Why vote for Amendment 73 to support our public schools in Colorado? Concern has been expressed about why this amendment is needed and if this the right approach. Since the 2009-10 school year, the Colorado Legislature has used what is called the budget stabilization factor. This allows it to appropriate funds for education and then take back a portion of the money in order to balance the state budget. As a result, the Cortez-Montezuma School District (RE-1) has been required to give up $23.3 million. This year’s projected give-back is projected to be $2.1 million. The state budget is being balanced on the backs of students and teachers! Studies by the Colorado Association of School Boards and others have shown that, even if the negative factor had not occurred, there would not be enough to adequately fund public schools.
In the Montezuma-Cortez district, salaries are lower and not competitive with those offered by neighboring districts. The lack of competitive salaries is evidenced by an annual turnover rate for teachers that exceeds 20 percent. In addition, 50 percent of our teachers have been here five years or less. We have many wonderful dedicated teachers in our district who face difficult challenges daily, and they need to receive just compensation for their efforts. Without Amendment 73, this will not be possible. In addition to salaries, there are numerous other needs in the Montezuma-Cortez District not adequately funded, such as student transportation, building maintenance on aging schools and school safety and technology upgrades.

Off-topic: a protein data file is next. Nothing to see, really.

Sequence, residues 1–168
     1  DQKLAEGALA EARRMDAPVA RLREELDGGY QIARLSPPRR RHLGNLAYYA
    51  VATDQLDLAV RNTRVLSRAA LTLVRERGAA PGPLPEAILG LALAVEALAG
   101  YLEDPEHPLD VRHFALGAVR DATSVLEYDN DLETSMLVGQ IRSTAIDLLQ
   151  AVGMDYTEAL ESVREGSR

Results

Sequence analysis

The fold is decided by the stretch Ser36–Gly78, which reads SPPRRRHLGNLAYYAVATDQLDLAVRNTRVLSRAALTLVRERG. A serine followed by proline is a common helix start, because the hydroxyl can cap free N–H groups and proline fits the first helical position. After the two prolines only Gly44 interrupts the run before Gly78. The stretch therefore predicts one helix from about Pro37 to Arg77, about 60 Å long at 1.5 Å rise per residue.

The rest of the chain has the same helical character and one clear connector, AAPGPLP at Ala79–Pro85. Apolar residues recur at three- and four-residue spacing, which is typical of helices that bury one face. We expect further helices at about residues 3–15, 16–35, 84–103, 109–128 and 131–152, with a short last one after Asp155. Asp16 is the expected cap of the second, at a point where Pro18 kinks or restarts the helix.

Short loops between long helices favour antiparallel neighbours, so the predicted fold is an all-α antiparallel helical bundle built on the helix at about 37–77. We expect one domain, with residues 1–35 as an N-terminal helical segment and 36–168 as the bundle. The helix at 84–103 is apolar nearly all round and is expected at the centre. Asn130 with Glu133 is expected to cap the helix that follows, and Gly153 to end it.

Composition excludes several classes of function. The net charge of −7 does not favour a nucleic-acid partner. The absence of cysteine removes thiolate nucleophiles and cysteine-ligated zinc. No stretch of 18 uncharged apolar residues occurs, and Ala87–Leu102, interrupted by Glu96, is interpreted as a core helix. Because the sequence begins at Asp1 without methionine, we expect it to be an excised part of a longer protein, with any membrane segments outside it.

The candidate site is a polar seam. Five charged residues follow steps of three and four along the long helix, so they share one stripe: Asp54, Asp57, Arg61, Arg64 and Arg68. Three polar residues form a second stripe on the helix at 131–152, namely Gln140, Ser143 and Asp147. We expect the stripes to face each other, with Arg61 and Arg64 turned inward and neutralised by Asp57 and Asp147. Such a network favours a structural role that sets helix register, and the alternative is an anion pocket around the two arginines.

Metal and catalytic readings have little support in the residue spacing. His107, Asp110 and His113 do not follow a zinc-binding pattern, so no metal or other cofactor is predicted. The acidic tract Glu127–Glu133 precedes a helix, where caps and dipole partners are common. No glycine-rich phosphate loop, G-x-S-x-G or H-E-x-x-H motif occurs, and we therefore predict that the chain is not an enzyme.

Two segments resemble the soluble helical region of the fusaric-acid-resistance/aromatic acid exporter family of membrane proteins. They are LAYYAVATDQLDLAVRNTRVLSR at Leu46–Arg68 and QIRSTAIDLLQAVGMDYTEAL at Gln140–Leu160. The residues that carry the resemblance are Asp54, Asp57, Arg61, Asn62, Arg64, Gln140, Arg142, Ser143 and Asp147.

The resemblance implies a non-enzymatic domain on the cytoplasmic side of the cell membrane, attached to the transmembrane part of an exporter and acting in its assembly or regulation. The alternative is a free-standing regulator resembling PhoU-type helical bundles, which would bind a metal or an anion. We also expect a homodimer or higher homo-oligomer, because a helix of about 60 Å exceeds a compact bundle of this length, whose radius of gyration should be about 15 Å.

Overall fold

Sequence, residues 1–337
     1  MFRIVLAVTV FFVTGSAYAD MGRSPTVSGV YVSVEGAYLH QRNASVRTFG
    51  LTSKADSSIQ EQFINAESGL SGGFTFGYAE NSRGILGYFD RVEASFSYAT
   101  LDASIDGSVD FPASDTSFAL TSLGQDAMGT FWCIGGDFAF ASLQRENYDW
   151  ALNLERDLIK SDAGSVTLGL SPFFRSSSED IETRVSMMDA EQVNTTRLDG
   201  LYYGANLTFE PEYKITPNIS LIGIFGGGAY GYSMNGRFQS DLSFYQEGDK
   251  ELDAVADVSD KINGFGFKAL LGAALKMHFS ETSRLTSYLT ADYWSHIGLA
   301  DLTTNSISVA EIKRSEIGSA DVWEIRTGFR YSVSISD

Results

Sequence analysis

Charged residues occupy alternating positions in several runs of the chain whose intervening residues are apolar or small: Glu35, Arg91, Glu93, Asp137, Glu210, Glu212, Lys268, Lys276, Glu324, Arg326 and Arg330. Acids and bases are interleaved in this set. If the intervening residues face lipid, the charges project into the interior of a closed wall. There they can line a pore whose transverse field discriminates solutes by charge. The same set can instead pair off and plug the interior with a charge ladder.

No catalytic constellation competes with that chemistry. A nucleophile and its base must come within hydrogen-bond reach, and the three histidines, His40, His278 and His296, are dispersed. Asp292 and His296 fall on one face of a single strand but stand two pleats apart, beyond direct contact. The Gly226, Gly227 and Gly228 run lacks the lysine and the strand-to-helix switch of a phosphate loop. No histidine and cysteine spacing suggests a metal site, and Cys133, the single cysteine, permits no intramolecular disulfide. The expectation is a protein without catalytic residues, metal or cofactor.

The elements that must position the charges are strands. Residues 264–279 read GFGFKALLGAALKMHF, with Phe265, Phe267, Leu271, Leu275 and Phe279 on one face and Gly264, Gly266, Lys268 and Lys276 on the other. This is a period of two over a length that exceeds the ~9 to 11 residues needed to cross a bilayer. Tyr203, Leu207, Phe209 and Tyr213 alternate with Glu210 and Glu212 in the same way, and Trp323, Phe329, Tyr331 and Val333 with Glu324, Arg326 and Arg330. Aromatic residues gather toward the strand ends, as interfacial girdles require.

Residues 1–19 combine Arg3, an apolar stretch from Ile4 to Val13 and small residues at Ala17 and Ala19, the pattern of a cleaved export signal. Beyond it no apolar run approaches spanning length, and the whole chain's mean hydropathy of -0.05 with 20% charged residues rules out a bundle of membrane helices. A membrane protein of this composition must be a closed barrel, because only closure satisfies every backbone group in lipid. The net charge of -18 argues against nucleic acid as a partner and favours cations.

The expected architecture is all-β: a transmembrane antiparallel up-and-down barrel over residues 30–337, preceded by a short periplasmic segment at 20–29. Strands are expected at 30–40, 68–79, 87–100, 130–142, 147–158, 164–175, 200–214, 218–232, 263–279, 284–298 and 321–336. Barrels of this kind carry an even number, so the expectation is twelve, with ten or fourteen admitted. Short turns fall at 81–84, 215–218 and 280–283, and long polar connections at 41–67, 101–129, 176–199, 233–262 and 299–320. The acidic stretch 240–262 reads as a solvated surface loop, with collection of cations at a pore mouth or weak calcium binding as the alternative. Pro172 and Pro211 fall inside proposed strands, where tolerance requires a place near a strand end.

Amendment 73 provides additional funding to schools by increasing income tax only for those whose taxable income is more than $150,000 per year, less than 4 percent of county residents. Those above this level will see a small graduated income tax increase. For example, a tax filer with a taxable income of $300,000 and house value of $500,000 may only see an annual increase of $1,500. Amendment 73 increases taxes only for C Corporations, generally large corporations. They would see an increase of 1.37 percent. In Montezuma-County, most locally based small businesses are S-Corporations, LLCs or partnerships.
Some critics of Amendment 73 say it was put forward without adequate study. This is not the case. Our own RE-1 school board has been concerned about inadequate funding and discussed solutions since at least 2009, when I joined the board. I have talked to teachers, administrators and board members across the state. All have been working toward an equitable way to adequately fund public education.
We have an opportunity to pass an amendment that allows us and other districts throughout Colorado to meet many of the educational needs of our children. Our teachers and other dedicated staff, our community and, most of all, our children cannot wait years for us to act. Amendment 73 is our best chance to make sure our kids have what they need to succeed. I urge you to vote YES.